Cervical Artificial Disc Replacement vs. Spinal Fusion
SpineUniverse: In terms of outcomes, what is the data showing us?
Early studies showed that when disc replacement is used to treat people with neck and arm pain, the results are the same as doing a fusion. What we’re learning, however, is that the additional surgery rate is about 2-3 times higher with a fusion as compared disc replacement. That’s a significant argument for disc replacement surgery instead of fusion.
Another disadvantage to fusion is that you worry about patients not healing or perhaps developing pseudoarthrosis, as a result. The notion that fusion contributes to the development of adjacent segment disease is controversial, but the five and seven year data is showing that adjacent segment disease is, in many cases, much lower with the cervical disc. Granted, you can still find studies that indicate the contrary, but in general, most people feel that by maintaining the normal motion of the neck, we create fewer problems at the level above or below. Hildebrand was the first to show that with fusion, there’s about a 3% chance of causing adjacent segment disease for every 10 years, for every year. Once patients hit the 10-year mark post-fusion, the chance of adjacent segment disease leaps to about 25.9%.
Below: a post-operative x-ray of a cervical spine fusion.
Probably the biggest difference is that after you have artificial disc surgery, there is no need for bracing. An artificial disc removes the concern about whether or not the fusion is going to heal out of the equation. In fact, some surgeons are confident that there’s no need for even a soft collar following disc replacement.
To give you another perspective, there are surgeons who question why fusions are being done in the first place. We can go back and forth with that argument, but here’s the bottom line: After an artificial disc surgery, the patient can get back to normal activities. Of course, they’re not participating in vigorous sports activities, because we’re still waiting for the bone to grow into the metal surfaces of the artificial disc. But once that happens, usually around 12 weeks, patients can do anything they want.
Now compare that to a fusion where there’s uncertainty surrounding whether it’s healed, not to mention the activity restrictions on the patient. I tell patients who are deciding between treatment options that about a week after disc replacement, they can drive a car and get back to work. I have my patients in a soft collar for two weeks, but then after 2-6 weeks I get them back to normal.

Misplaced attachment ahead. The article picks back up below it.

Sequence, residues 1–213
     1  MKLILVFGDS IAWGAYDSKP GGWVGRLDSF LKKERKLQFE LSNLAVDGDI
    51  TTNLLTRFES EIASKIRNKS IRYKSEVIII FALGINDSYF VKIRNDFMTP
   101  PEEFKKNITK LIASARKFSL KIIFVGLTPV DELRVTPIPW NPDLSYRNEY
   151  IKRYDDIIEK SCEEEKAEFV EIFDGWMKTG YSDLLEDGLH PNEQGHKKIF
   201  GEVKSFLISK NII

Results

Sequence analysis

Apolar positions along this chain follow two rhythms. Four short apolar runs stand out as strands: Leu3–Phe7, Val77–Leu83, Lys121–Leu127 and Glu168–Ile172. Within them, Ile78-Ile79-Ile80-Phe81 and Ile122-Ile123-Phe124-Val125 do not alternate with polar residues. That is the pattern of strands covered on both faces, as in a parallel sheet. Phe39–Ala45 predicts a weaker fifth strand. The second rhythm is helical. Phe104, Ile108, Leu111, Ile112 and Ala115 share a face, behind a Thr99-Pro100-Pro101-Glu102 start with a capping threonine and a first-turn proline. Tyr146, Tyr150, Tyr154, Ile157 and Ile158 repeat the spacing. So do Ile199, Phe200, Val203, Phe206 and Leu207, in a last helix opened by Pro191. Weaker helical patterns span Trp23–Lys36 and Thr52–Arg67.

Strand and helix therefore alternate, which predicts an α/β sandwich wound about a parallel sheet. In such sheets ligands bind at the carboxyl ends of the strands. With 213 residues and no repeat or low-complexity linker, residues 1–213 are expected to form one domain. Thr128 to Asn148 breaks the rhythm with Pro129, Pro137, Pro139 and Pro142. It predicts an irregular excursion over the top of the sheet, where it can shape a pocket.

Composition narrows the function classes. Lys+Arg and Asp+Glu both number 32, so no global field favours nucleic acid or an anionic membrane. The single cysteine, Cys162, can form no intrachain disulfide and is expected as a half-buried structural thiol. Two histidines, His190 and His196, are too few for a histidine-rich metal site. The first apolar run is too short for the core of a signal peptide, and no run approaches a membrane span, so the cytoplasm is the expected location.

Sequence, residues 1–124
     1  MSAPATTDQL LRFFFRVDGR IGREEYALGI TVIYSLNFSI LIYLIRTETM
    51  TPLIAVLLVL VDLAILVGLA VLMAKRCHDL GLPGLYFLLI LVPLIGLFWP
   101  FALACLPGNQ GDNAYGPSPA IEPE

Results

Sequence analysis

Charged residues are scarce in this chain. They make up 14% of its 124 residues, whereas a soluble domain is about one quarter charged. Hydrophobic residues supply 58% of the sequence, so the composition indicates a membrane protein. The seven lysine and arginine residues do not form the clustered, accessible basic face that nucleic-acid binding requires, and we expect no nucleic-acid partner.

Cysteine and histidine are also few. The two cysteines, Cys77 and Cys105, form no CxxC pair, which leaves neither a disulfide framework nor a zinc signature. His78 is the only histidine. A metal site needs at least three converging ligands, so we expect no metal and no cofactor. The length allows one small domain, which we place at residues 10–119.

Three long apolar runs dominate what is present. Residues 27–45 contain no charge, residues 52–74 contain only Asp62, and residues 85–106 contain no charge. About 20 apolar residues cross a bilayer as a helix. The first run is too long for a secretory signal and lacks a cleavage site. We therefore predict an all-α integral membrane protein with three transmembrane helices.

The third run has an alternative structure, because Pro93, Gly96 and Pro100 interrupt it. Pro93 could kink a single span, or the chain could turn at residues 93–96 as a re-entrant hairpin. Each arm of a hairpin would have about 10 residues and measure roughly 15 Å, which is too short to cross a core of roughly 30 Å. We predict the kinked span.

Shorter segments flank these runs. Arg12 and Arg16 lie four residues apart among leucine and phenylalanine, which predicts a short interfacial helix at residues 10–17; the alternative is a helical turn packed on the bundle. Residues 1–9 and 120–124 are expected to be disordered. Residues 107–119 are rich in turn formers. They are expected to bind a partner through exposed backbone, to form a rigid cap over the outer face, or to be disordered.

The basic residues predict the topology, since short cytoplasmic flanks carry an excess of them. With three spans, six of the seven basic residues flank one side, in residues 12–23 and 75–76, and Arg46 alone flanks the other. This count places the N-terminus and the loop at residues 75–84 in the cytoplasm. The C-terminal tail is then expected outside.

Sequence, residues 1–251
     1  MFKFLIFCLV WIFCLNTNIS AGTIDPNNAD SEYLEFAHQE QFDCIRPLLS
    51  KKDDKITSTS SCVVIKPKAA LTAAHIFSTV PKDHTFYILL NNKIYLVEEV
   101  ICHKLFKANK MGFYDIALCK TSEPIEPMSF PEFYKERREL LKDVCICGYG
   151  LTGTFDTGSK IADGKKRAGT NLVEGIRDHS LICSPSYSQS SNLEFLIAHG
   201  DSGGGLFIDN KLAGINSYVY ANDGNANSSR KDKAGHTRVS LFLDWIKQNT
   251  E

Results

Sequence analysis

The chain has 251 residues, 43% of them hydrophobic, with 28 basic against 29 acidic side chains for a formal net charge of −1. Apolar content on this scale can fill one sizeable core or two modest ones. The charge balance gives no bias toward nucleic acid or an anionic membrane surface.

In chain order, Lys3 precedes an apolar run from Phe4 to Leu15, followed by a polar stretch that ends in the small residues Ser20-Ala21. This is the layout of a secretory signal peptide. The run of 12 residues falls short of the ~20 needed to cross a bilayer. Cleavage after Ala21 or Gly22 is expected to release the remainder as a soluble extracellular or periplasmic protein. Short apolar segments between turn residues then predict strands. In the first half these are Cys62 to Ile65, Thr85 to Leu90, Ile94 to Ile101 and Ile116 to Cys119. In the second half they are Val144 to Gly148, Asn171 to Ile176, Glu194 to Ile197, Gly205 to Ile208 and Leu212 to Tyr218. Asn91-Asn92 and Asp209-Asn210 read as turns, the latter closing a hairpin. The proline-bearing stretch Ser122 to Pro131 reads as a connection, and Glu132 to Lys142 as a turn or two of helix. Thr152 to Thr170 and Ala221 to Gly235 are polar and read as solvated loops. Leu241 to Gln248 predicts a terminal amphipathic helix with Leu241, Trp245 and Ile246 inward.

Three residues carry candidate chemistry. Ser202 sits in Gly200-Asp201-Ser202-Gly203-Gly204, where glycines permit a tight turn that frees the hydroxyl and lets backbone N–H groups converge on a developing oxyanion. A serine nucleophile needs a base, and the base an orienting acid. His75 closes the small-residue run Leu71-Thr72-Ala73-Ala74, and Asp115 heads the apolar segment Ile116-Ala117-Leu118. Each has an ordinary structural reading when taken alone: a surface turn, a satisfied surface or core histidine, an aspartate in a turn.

Jogging or vigorous physical activities have to be postponed until 3 months. The beauty of disc replacement is that patients can get back to their activities much faster. They have very few restrictions, especially at the beginning. I would be much more cautious with a fusion patient.
SpineUniverse: Which types of neck disorders do you consider most appropriate for treatment with artificial disc replacement?
The reason so many cervical artificial discs are approved is that this type of surgery is recommended for patients who have neck and arm pain. Patients who have neck and arm pain because of a pinched nerve, whether from a soft disc or a bone spur that doesn’t respond to conservative treatment, suffer greatly. Generally speaking, cervical artificial disc replacement surgery is a viable option for patients with degenerative disc disease and/or acute herniated disc. This surgery can relieve pressure on the nerves and/or spinal cord, as well as restore spinal alignment and stability. To me, fusion versus disc replacement is analogous to a marathon run. The data we have now shows that the artificial disc patients can run faster and further than fusion patients. In addition, disc replacement surgery lowers the risk for developing adjacent segment disease later on down the road.
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